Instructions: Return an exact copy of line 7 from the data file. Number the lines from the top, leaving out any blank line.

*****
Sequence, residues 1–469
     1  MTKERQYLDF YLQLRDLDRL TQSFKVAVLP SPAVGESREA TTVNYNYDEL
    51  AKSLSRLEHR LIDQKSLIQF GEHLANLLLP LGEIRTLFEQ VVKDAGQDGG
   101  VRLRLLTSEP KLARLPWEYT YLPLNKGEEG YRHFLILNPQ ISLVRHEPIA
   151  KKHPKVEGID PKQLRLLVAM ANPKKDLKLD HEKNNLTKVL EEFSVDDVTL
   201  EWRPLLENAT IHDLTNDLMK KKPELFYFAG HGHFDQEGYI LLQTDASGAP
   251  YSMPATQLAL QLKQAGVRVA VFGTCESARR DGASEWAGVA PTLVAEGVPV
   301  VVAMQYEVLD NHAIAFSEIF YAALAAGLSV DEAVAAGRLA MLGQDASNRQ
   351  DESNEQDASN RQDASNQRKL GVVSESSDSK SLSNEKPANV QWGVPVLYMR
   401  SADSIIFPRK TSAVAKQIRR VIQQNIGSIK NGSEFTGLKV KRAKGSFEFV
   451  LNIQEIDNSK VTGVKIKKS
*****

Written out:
   251  YSMPATQLAL QLKQAGVRVA VFGTCESARR DGASEWAGVA PTLVAEGVPV